While strawberries are here, don’t miss out on strawberry shortcake, and while you are at it, make enough for a crowd. This begins with a traditional biscuit recipe, but with a few twists. First, chill the butter and flour in the freezer for 30 minutes while you prep the strawberries. In the food processor, the cold butter stays in pieces when it’s cut into the flour. In the oven, the water in the butter releases little pockets of steam, which contribute to the flakiness of the baked biscuit. Add buttermilk and stir just enough for the dough to come together, then pat it into a quarter sheet pan (brownie pan) or a 9-by-13-inch baking pan.
When it’s baked, cut the big rectangle into wide strips. Pile on the strawberries and their juices, so the juices soak into the bottom pieces. Set the lids on top, then slice into portions and garnish with generous spoonfuls of vanilla whipped cream.
As for those strawberries, they just need a little sugar, squeeze of lemon, and some strawberry jam that contributes a deep strawberry flavor and a pretty glaze, so the berries look shiny and beautiful. Call your friends and neighbors for a celebration.
SALLY PASLEY VARGAS
Strawberry shortcakefor a crowd
|¼||cup granulated sugar|
|4||teaspoons baking powder|
|2||teaspoons baking soda|
|1||cup (2 sticks) cold, unsalted butter, cut into ¼-inch slices|
|Extra butter (for the pan)|
|1¼||cups buttermilk, or more if needed|
|Extra flour (for sprinkling)|
|1½||tablespoons turbinado sugar, cane sugar, or granulated sugar (for sprinkling)|
1. In a bowl, whisk the flour, granulated sugar, baking powder, baking soda, and salt to blend them. Add the butter and toss with your hands to separate the pieces. Freeze the bowl for 30 minutes.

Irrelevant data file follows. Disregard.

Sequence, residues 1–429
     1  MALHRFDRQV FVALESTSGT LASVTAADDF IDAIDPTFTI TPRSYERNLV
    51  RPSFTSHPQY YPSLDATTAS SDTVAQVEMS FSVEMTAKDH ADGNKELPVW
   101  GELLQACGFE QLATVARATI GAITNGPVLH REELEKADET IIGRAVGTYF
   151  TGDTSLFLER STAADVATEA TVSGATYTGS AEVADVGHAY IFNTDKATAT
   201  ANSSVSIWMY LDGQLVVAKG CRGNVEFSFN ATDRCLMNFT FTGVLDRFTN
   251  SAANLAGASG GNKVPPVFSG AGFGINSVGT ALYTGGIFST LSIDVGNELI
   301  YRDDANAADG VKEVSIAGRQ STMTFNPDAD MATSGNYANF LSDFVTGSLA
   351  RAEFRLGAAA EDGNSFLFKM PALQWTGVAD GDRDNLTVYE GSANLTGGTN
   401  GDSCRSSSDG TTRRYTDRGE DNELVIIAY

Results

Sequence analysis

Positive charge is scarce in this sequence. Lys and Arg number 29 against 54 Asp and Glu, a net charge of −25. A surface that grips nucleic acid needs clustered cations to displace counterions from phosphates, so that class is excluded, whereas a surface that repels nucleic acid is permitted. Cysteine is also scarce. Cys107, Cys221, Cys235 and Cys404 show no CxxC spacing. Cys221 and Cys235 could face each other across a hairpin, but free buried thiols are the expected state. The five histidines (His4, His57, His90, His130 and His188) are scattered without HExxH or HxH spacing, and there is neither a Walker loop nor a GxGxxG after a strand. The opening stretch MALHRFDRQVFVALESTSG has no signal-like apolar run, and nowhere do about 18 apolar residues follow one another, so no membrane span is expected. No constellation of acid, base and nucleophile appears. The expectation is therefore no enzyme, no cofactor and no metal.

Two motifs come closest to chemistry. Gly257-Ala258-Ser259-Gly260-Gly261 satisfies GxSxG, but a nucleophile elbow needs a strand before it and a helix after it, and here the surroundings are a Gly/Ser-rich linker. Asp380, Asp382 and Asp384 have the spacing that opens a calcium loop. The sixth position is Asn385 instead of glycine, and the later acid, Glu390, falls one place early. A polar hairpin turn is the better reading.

2. Set the oven at 400 degrees. Butter a 9-by-13-inch quarter sheet pan or baking pan and line it with parchment paper, leaving a 2-inch overhang on each of the long ends.
3. In a food processor, pulse the flour and butter mixture until the butter is in small pieces that are slightly smaller than pea-size. Tip the mixture back into the bowl.
4. Pour the buttermilk over the flour mixture. With a rubber spatula, stir gently until the dough starts to come together, adding more buttermilk, 1 tablespoon at a time, if there are dry patches at the bottom of the bowl. With your hands, work the mixture lightly in the bowl until it comes together to form a dough.
5. Turn the dough out onto a lightly floured counter. Pat it into a flat rectangle. Transfer it to the baking pan and pat the dough evenly to the edges of the pan. Brush with milk and sprinkle with turbinado, cane, or granulated sugar.
6. Bake for 20 to 25 minutes, or until the biscuit is golden brown. Set the pan on a wire rack to cool.
STRAWBERRIES AND CREAM
|2||quarts strawberries, halved, or quartered if large|
|¼||cup lemon juice|
|¼||cup strawberry jam|
|3||cups heavy whipping cream|
|1||tablespoon vanilla extract|
1. In a bowl, toss the strawberries with 4 tablespoons of the sugar and the lemon juice. Stir in the jam and let the strawberries macerate for 20 minutes, or until they release their juices.
2. In a chilled bowl with chilled beaters, whip the cream with the remaining 3 tablespoons sugar and vanilla until it forms soft peaks.
3. Using the parchment as handles, transfer the biscuit to a cutting board. Use a serrated knife to cut the biscuit lengthwise into four even strips. Firmly holding the top of a strip and holding the knife parallel to the table, use a sawing motion to split the strips through the middle.
4. On the bottom strips, spoon most of the berries and all of their juices (reserve some berries for garnishing the tops). Set the biscuit tops over the berries. Cut each strip into four pieces.
5. Set the filled biscuits on individual plates or on a platter. Top each with a generous spoonful of whipped cream and garnish with a few strawberries. Sally Pasley Vargas
Sally Pasley Vargas can be reached at email@example.com.